Literature that makes a statement. What is an allusion?. An ALLUSION is an indirect passing reference to some event, person, place or artistic work, an economic means of calling upon the history or the literary tradition that author and reader are assumed to share.
Literature that makes a statement
An ALLUSION is an indirect passing reference to some event, person, place or artistic work, an economic means of calling upon the history or the literary tradition that author and reader are assumed to share
From where do allusions come?
Recognizing allusions will help you become a better reader. You will be able to identify symbols, decipher hidden meanings, and understand the "secrets" behind a writer's craft.
Are allusions used in the real world?
ABSOLUTELY! See if you can guess the following references
COUNT ON CUPID!
Online dating site that capitalizes on the Greek god of love
Reference to Greek mythology and Helen of Troy. Helen was Zeus’ daughter and was given the gift of beauty…she was known as the most beautiful woman of all. The Trojan war began after Paris of Troy kidnapped the King of Sparta’s wife…you guessed it, Helen. Thus war began!
Mentioned in many pieces of literature all the way from Shakespeare to Edgar Allan Poe.
More mythology! Achilles was a Greek hero who was invincible to mortal wounds because his mother dipped him in the River Styx as an infant. Only his heel, where his mother held onto him, is vulnerable to injury.
So finding an Achilles heel, means finding one’s weak spot.
This is a headline found in Newsweek Magazine just a few weeks ago. It references the master plan to end the Trojan War. During the war, Odysseus came up with a master plan to infiltrate the City of Troy by sending a “gift” (a wooden horse) to Paris. Why was this a good plan? Well, Odysseus and his men were hiding inside the horse, so as soon as the horse was accepted….SURPRISE!!!!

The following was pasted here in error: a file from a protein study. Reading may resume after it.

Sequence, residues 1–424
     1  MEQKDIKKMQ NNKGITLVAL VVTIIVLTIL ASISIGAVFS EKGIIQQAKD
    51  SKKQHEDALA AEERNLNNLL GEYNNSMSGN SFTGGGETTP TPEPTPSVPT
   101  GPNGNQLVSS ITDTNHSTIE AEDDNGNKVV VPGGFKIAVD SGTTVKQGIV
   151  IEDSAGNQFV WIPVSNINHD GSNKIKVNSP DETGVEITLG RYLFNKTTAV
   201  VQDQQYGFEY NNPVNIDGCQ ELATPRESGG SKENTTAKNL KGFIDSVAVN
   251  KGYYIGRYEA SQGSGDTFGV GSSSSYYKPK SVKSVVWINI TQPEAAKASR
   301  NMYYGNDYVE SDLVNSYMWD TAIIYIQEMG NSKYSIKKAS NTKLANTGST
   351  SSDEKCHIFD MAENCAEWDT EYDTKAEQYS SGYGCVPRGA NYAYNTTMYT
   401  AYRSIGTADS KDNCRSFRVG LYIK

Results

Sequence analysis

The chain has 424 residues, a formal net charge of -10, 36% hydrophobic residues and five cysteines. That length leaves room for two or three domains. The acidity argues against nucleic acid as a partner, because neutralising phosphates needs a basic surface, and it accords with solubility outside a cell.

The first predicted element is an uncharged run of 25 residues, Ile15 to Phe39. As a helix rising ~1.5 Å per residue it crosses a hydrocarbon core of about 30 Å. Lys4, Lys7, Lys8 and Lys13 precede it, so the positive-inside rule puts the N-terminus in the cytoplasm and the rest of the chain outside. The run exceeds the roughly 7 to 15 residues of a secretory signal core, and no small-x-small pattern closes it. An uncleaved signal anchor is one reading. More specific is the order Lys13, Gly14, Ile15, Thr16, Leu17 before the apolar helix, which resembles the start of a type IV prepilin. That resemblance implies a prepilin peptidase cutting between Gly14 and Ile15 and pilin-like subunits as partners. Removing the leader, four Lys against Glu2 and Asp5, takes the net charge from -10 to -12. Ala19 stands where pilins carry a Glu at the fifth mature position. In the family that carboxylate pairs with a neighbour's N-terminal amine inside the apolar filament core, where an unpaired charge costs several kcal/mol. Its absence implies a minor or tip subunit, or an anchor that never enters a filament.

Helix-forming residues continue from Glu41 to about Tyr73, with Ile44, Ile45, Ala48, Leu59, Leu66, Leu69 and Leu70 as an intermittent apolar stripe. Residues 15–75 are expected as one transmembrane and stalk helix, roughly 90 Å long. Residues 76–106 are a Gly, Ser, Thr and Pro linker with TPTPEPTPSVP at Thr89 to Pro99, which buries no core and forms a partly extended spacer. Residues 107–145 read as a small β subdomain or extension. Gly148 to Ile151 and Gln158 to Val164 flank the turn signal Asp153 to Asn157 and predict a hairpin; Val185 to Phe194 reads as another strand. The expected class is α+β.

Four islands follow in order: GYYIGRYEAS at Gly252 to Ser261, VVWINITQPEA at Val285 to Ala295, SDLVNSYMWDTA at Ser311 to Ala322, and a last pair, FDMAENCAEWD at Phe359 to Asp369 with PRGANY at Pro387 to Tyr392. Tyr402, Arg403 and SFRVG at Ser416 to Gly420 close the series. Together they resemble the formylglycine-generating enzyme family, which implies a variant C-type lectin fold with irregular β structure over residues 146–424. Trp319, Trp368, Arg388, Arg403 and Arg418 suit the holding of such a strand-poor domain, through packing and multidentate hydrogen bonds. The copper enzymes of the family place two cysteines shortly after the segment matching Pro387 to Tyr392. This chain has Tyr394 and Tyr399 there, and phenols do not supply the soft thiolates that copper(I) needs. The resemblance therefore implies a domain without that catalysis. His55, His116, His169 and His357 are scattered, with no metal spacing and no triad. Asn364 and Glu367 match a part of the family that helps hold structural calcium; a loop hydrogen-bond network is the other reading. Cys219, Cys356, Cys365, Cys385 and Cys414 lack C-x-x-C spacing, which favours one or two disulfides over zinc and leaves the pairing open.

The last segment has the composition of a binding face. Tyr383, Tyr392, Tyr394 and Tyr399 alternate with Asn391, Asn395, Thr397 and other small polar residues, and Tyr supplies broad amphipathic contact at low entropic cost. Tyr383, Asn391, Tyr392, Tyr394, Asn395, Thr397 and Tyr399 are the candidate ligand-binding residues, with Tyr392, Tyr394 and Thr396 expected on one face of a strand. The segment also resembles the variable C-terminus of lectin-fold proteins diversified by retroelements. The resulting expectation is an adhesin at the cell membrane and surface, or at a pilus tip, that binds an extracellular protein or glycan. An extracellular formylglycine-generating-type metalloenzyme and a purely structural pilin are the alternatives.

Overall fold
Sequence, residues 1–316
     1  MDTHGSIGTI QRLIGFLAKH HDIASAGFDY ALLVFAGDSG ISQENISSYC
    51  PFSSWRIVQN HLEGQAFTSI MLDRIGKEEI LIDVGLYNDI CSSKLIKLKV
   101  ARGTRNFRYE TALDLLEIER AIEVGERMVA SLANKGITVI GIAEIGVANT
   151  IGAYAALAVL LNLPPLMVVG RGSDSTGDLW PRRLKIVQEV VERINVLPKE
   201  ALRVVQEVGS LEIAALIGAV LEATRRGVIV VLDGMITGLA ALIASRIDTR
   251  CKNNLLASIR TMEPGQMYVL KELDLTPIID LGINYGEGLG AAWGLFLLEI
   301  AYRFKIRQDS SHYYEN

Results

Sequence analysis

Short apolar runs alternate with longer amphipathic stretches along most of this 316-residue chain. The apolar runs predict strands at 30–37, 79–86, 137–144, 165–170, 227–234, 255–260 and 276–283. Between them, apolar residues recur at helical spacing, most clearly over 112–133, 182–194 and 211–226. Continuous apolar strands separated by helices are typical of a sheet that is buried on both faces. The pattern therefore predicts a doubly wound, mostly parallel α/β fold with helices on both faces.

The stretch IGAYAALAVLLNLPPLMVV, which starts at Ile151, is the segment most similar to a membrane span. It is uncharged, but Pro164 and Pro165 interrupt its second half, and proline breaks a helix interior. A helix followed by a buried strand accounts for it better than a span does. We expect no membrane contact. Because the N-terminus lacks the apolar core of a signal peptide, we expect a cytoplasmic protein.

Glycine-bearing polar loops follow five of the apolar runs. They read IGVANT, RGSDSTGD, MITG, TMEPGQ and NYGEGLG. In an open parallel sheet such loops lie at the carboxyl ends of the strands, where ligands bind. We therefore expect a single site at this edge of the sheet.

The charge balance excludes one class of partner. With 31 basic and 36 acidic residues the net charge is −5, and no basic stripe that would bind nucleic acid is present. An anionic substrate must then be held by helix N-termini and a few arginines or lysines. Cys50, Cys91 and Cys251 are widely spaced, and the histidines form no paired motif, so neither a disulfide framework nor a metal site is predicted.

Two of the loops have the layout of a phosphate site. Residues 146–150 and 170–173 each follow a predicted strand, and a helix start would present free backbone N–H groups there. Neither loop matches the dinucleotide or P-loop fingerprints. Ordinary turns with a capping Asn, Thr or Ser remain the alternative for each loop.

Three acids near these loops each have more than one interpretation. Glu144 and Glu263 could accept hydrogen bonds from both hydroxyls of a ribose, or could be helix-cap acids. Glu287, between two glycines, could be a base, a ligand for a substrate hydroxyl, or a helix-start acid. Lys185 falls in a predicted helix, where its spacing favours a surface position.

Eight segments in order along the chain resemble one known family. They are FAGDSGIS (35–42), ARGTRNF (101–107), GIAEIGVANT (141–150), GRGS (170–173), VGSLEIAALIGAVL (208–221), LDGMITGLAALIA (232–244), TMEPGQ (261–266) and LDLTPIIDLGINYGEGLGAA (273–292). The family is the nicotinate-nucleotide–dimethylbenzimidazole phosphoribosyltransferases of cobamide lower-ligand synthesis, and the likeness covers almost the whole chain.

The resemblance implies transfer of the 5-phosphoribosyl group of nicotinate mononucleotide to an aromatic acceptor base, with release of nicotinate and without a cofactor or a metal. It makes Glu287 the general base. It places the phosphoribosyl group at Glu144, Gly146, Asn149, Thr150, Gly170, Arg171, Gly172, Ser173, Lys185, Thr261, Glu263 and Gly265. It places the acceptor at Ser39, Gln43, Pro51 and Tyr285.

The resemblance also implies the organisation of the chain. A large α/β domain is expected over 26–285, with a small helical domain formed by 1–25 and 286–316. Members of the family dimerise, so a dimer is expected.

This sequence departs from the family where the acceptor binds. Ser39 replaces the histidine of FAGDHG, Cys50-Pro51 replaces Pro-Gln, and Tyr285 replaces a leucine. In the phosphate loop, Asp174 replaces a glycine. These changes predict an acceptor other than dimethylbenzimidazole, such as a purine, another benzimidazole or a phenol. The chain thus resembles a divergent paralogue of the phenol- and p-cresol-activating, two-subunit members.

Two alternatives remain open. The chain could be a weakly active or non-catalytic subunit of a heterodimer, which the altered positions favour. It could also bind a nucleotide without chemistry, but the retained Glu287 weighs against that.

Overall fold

So a Trojan Horse means to launch a surprise attack.
Something Morally Wrong
A Safe Haven
A Farewell Dinner
The End of the World
“I cut these candlesticks myself, so they are easy to adjust. Well, I mean they can be adjusted shorter, it’s kinda hard to adjust them taller; but if they tell a few lies they’ll just shoot right back up”
“Mommy! Come quick! Emily just crashed her bike! Just joking!”
The Boy Who Cried Wolf
“I’m no good when I’m tired. I turn into a pumpkin at midnight.”
Take a look at the allusions used in headlines and articles published by the New York Times.
Oh! Now is the time your remind Ms. Mac to give you the next handout
1. Cross the Rubicon = to make an irrevocable decision.
Julius Caesar crossed the river knowing full well that this move would start a civil war.
Pyrrhic, the King of Epirus, defeated the Romans with heavy losses.
A Gordian Knot is an extremely intricate knot, and legend says that whoever could undo the knot would rule all of Asia. Many men tried to untie it in vain, until Alexander the Great cut the knot with a single stroke of his sword.
Waterloo is where Napoleon was defeated by the Duke of Wellington
The day that American troops launched a massive counter attack again Nazi Germany and landed on the beaches of Normandy, France.
During the Spanish Civil War, the fifth column referred to a group of sympathizers or enemy supporters that engaged in espionage or sabotage.
Don Quixote (Don Quixote by Cervantes)
Don Juan (Don Juan D’Marco by Lord Byron)
Robinson Crusoe (Robinson Crusoe by Daniel Defoe)
Man Friday (Robinson Crusoe by Daniel Defoe)
Uriah Heep (David Copperfield by Charles Dickens)
Mr. Micawber (David Copperfield by Charles Dickens)
Mr. Pickwick (Pickwick Papers by Charles Dickens)
Jekyll and Hyde (Jekyll and Hyde by Robert Stevenson)
Frankenstein (Frankenstein by Mary Shelley)
Faustian Bargin (Faust by Johann Von Goethe)
Holden Caufield (Catcher in the Rye by JD Salinger)
Lolita (Lolita by Vladimir Nabokov)
Walter Mitty (The Secret Life of Walter Mitty by James Thurber)
Catch 22 (Catch 22 by Joseph Heller)